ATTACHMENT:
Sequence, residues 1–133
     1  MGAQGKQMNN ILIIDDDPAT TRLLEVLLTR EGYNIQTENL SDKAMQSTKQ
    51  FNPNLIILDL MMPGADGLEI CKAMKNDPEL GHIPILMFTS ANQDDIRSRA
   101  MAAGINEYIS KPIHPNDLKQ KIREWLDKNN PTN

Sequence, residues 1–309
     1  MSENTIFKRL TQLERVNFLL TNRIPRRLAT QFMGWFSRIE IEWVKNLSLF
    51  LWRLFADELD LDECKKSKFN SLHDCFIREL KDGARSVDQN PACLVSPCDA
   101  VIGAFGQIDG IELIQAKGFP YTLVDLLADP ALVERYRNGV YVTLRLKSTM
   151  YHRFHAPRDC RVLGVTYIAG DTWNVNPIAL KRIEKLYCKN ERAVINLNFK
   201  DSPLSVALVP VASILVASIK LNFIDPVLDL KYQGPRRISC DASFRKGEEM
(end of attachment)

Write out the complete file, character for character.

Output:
Sequence, residues 1–133
     1  MGAQGKQMNN ILIIDDDPAT TRLLEVLLTR EGYNIQTENL SDKAMQSTKQ
    51  FNPNLIILDL MMPGADGLEI CKAMKNDPEL GHIPILMFTS ANQDDIRSRA
   101  MAAGINEYIS KPIHPNDLKQ KIREWLDKNN PTN

Sequence, residues 1–309
     1  MSENTIFKRL TQLERVNFLL TNRIPRRLAT QFMGWFSRIE IEWVKNLSLF
    51  LWRLFADELD LDECKKSKFN SLHDCFIREL KDGARSVDQN PACLVSPCDA
   101  VIGAFGQIDG IELIQAKGFP YTLVDLLADP ALVERYRNGV YVTLRLKSTM
   151  YHRFHAPRDC RVLGVTYIAG DTWNVNPIAL KRIEKLYCKN ERAVINLNFK
   201  DSPLSVALVP VASILVASIK LNFIDPVLDL KYQGPRRISC DASFRKGEEM